The fact that 'The Mandalorian' arrives in Spain so many months late means that those of us who are virgins to see the adventures of Mando and Baby Yoda do not know exactly where one of the great memes that has given birth to the series comes from. Effectively, we are talking about the moment Baby Yoda drink soup, which is one of the comic reliefs from 'Sanctuary', the fourth episode in the series.
But this great moment is not the only one that this new installment of Disney + fiction brings us. After the great flight from 'Sin', Mando arrives at Sorgan, a quiet planet to hide and keep a low profile. A peaceful planet but, as we can imagine, the problems do not stray far from where our mercenary is going.
After reuniting (and fighting) with a former colleague, Cara Dune (played by martial arts expert Gina Carano), Mando will have a new assignment: protect villagers from gang of looters. Although he is not interested, we cannot forget that we are facing a western that wants to fulfill the different tropes … and that of a solitary hero who comes to a town that needs his services is one of the most typical.
The hero comes to town in his time of need
Because 'Sanctuary' is that episode that we have seen in dozens of movies of jeans and even in closer settings and of different genres. In fact, it complies almost step by step with the formula's schemes except, perhaps, that moment in which everything becomes "personal" and a story of revenge.
Bryce Dallas Howard directs the episode and is here to have fun, following the advice of his father. And, the truth is that it shows. It also helps a lot that we find a fairly linear and clear script, like the one Favreau has accustomed us to.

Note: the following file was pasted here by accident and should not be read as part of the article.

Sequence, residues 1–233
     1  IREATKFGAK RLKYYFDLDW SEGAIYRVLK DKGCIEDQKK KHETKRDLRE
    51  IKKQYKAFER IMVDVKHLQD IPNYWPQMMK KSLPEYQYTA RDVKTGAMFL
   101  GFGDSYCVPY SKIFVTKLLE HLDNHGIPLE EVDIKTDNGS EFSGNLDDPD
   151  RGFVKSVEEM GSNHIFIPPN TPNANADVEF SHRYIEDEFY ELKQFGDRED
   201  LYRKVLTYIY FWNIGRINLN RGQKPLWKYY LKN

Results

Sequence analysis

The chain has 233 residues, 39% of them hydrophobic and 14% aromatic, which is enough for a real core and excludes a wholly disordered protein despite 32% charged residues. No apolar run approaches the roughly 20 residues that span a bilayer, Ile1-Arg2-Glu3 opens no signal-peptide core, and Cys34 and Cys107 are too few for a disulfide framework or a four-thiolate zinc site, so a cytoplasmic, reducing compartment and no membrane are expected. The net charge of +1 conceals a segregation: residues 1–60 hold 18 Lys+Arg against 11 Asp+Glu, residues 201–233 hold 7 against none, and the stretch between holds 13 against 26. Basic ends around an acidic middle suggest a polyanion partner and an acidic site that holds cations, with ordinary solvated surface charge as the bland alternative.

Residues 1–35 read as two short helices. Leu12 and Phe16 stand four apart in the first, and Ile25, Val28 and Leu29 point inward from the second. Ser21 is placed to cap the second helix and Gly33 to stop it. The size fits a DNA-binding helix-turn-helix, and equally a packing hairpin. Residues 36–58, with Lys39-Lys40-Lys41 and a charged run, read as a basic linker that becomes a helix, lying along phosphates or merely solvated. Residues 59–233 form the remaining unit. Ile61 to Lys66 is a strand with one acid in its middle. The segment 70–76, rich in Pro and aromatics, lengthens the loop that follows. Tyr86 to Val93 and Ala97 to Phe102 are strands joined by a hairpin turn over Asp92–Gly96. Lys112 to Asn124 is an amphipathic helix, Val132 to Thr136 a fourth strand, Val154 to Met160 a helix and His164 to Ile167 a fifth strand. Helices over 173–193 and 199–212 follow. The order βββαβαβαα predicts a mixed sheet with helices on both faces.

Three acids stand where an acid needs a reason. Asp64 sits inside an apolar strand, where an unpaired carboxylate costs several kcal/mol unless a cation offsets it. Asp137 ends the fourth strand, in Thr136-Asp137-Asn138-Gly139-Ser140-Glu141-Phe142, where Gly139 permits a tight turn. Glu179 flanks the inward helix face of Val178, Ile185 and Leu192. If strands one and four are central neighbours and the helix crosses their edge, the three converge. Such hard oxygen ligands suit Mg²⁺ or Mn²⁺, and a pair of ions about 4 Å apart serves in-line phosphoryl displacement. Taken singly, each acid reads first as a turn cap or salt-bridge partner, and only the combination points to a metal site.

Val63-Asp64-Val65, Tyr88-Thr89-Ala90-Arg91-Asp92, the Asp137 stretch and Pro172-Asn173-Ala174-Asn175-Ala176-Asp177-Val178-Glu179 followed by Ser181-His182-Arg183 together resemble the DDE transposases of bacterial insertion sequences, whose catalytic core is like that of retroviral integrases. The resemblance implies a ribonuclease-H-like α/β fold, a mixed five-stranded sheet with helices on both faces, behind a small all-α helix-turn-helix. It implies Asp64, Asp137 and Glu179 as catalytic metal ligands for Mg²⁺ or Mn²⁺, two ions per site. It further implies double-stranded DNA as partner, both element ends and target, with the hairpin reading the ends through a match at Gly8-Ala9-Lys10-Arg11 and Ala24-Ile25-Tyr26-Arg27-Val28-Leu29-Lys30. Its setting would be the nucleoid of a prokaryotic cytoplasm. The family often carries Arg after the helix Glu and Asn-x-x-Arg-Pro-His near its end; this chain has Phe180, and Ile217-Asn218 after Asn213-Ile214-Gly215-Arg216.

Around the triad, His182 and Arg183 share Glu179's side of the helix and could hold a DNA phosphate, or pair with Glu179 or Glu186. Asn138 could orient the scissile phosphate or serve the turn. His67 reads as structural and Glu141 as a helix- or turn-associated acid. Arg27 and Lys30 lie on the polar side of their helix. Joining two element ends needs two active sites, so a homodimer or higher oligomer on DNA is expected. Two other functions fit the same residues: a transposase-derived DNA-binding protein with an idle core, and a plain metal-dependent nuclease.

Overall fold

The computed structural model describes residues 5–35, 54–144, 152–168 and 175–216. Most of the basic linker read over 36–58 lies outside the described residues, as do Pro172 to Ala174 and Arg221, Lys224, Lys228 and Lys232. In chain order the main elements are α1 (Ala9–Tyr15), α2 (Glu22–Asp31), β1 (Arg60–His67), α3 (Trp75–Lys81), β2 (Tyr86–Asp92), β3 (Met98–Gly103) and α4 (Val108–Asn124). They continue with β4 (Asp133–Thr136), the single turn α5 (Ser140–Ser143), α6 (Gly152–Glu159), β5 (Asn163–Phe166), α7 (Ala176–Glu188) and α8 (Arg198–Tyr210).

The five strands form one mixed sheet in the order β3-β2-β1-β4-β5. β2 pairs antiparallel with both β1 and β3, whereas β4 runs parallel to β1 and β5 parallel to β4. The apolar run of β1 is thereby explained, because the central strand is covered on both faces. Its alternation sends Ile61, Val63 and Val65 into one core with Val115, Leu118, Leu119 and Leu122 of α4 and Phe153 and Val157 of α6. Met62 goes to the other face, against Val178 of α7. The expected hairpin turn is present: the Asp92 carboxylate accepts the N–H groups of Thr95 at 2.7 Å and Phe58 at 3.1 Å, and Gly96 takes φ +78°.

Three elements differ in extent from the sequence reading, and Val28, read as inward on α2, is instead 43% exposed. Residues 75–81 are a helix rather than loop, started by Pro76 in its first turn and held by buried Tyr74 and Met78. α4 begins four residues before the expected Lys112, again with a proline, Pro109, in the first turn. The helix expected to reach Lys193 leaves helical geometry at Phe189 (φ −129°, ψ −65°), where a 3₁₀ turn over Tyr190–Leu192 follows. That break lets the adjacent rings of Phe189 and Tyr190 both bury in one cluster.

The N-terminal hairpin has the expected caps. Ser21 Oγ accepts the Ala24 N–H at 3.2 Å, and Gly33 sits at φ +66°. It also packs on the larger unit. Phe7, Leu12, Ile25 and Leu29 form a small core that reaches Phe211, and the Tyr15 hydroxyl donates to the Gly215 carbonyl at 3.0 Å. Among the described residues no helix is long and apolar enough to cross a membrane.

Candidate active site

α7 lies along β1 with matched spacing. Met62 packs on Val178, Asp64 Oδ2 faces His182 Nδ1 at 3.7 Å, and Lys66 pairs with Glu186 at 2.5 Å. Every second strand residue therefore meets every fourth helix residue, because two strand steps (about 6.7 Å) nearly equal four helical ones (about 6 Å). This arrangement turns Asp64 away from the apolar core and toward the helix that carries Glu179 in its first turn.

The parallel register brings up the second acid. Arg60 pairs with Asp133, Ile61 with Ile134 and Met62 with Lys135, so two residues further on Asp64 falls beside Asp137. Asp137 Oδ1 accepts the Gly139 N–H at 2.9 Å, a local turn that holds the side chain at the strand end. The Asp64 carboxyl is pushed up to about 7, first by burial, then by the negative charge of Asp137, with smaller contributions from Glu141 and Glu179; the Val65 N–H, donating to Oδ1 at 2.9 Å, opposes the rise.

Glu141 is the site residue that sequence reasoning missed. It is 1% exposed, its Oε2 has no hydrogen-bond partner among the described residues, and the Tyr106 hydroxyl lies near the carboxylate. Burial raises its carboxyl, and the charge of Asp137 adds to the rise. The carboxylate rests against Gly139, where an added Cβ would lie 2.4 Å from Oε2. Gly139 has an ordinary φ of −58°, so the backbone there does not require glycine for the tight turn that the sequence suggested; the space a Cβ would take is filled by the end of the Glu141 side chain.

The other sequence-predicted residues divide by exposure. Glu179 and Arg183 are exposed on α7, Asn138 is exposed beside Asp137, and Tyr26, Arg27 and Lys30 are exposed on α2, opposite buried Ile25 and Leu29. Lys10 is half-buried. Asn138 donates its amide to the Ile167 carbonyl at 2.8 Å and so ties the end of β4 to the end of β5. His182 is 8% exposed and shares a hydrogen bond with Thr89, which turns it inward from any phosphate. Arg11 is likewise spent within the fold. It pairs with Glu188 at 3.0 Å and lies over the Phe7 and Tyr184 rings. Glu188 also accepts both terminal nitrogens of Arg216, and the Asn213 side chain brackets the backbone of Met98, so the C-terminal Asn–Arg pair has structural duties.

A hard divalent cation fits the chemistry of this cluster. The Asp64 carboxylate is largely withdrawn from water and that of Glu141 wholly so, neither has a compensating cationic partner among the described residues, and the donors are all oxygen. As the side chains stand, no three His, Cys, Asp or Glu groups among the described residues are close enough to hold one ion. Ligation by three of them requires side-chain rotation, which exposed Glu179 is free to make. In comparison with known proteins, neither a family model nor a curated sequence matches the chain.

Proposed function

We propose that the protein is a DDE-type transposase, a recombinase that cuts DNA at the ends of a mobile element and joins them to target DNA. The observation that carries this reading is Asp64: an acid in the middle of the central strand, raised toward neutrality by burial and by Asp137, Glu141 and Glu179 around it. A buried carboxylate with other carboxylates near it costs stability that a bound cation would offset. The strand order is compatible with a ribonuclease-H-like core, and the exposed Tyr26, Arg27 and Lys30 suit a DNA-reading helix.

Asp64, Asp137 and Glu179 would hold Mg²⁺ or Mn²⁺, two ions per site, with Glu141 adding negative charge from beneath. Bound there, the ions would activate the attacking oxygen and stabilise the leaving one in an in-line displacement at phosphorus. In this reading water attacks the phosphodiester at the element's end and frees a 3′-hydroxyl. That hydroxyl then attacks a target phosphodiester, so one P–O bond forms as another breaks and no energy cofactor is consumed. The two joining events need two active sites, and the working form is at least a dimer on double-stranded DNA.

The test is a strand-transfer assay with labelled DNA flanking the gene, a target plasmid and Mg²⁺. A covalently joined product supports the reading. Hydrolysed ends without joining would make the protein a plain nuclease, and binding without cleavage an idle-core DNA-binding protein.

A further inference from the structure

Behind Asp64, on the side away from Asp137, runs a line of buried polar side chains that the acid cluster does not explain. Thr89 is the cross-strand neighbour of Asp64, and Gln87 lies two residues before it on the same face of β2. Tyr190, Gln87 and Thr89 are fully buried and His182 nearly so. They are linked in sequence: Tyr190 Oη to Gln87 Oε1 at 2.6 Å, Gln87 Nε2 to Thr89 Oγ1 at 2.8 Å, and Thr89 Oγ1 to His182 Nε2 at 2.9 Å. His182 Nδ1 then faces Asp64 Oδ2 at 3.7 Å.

And we come to the final climax, after all the classic training of farmers looking to learn how to defend themselves against looters and something else. Something that emerges in the darkness of the forest, at night, a deadly mechanical T-Rex known as the Imperial AT-ST. This is no longer just 'Star Wars', it is 'Jurassic Park'.
In a fully conscious cross between 'Jurassic World' and 'The Forest', Bryce Dallas Howard presents us with the absolute power of this AT-ST monster ready to destroy everything. Thus culminating an episode that reminds us why we like the adventure genre so much and how much fun we usually have with 'Star Wars'.
With 'Sanctuary' we enter in what we could consider the second arc, or the second act, of the first season of 'The Mandalorian'. The first three episodes have introduced us to Mando, his mission and the decision he makes at any given moment. Now it is time to start exploring the consequences, certain that you are not safe anywhere.
We are not facing an episode as "transcendental" as 'Sin', in which we introduced ourselves slightly to Mandalorian philosophy, its thoughts and, why not say it, its rites and customs. Now we are with the Lone Man and his Puppy, tramps, solving mischiefs wherever they go. And we will be every Friday to see it.